“What form does the haint of a ruined life take?” — K.Z. Snow
Title: Resurrection Man
Author: K.Z. Snow
Publisher: Dreamspinner Press
Pages/Word Count: 210 Pages
Rating: 5 Stars
Blurb: Bad enough Elijah Colter’s life of comfort comes to an abrupt end when he’s 17 and his family discovers he’s gay. Bad enough he must live out of his car and turn tricks. But when his perfect boyfriend, Alonzo, becomes the victim of a drive-by shooting, Elijah plummets into suicidal depression. The concepts of trust and hope become more alien to him than ever.
All that keeps Elijah going is a promise he made: that he would look after Alonzo’s stepdad, Dizzy, who’s on the verge of losing his house.
Diz and his young guardian become companions in homelessness — until Elijah discovers a program for throwaway LGBT youth. Through it he gets his own apartment … but loses it after a year. He’s kept his promise, though, and until he can get back on his feet, he’s resigned to joining Dizzy in the abandoned factory the older man calls home.
One fall day, a pair of new presences in Elijah’s life begin to shape his future: Michael Hanlan, an outreach volunteer, and what seems to be Alonzo’s ghost. Both prompt Elijah to decide which of his dreams to pursue, which to cast aside, and just how much he can dare to believe in love, and in himself, again.
Review: What form does the haint of an extraordinary novel take? Is it the obsessive need that lingers and makes you want to read the book again, long before the final words have had the chance to grow cold in your memory? Is it the inability to move on to the next book because you know it wouldn’t be fair, as everything else is sure to pale in comparison, at least until you’ve slaked your obsession? This is the haint of K.Z. Snow’s Resurrection Man, a book so absorbing in its simplicity and haunting in its emotional complexity that I could neither put it down nor put it behind me until I’d read it again, some passages multiple times, over the course of several days.
Resurrection Man is a story of the human condition. Sounds simple enough, doesn’t it? It’s a story we’ve all read in contemporary genre romance before, because that’s what all the books in this genre are, really—the stories we relate to because they encompass what it means to be human. Elijah Colter is the every-boy in this novel, who’s been thrown away for the sin of being gay and does what he has to do in order to survive.
Alonzo Morales-Barry is the every-man in this novel, who’s seen a throw away teenager doing what he must do to keep food in his belly and a dry place to sleep in his sights. He manages to do the right thing for the wrong reason—giving the homeless boy a roof over his head because the man likes what he sees, though he never bothers to look beyond the surface to encourage all the untapped potential lurking just beneath that boy’s beautiful skin, leaving Elijah little more than the husk of a human after he, Alonzo, is shot in a drive-by.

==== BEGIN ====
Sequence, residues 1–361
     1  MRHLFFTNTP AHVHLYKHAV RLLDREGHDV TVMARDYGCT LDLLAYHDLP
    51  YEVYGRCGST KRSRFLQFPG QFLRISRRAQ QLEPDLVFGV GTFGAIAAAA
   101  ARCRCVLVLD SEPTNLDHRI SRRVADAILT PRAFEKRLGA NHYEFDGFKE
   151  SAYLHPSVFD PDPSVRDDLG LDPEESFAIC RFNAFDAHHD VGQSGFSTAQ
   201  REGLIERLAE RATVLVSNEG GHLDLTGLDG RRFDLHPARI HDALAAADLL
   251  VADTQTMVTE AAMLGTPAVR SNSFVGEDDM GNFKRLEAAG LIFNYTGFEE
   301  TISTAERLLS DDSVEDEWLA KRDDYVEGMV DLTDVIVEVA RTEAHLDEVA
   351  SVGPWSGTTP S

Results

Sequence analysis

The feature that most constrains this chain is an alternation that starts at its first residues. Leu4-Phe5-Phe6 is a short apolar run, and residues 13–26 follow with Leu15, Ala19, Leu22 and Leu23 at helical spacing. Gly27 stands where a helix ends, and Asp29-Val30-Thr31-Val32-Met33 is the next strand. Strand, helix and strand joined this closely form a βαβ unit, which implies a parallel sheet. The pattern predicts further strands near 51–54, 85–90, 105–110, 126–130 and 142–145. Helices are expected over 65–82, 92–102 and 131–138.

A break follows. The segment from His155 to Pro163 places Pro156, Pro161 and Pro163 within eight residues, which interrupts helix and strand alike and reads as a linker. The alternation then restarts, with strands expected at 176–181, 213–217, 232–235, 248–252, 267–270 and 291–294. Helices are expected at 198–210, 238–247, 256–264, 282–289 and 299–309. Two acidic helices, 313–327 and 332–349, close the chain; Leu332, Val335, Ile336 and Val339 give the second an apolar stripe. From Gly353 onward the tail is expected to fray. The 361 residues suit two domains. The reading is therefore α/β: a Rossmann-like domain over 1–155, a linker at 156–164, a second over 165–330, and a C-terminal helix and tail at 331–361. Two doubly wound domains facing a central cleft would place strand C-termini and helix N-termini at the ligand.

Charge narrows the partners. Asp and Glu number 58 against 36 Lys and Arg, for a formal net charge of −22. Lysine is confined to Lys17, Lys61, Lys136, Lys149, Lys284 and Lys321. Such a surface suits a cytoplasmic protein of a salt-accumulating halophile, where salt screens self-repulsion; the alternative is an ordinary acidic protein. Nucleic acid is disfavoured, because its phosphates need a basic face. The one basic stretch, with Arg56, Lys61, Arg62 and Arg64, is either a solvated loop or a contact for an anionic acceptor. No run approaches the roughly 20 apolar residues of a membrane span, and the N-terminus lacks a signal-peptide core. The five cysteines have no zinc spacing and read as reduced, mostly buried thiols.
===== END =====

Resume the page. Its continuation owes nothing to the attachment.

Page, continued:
Michael Hanlan is the everyday hero in this novel, who comes along and works his small miracles simply by caring, by being kind and encouraging, by seeing all the worth and promise in a young man whose single biggest flaw in his twenty brief years was to fall in love. Michael is the man for whom promises are more than words, he’s the man who knows when to walk away and when to stay and fight for what he believes in, and he’s the man who not only sees but wants to mine all that untapped potential Elijah possesses.
But here is where Resurrection Man transcends so many others of its kind in the romance genre. Resurrection Man is not the story of the knight in shining armor who storms the gates of Elijah’s castle to rescue him from his own demons. This is the story of a man who quietly enters Elijah’s life and simply by being there, makes Elijah want to rescue himself. This is where K.Z. Snow takes a novel that could have been filled with overworked stereotypes and tired clichés, and transforms it into the story of a young man who has faced some of the worst life has to offer, and gives him the courage and strength and power to rise from the wreckage of his circumstances and, yes, his own choices, to want to live for himself, to be the sort of man who can stand on his own two feet while standing beside Michael as his partner, and to live for the sake of lifting up those who are even less fortunate than himself.
If there is anything at all typical about this book, it’s only that it’s written in a style that’s quintessentially K.Z. Snow. Every sentence brings the story to life, there’s not a superfluous word or scene throughout the narrative, nor is there a single moment in Resurrection Man that feels gratuitous or disingenuous. Although, I won’t lie—there were moments amongst the falling in love with these characters that Elijah didn’t make it easy and Michael made the heartbreak nearly unbearable, but those small bits of torture amongst all the beauty that is this book were so much more than worth the journey to see these two men reach a happy ending that worked for them.
Up until this moment, I could have made a short list of my favorite K.Z. Snow books, and any one of them could have come in at number one. That spot now, however, is held by Resurrection Man. It may not fully eclipse them all, but this novel most definitely stands in a class by itself.
You can buy Resurrection Man here: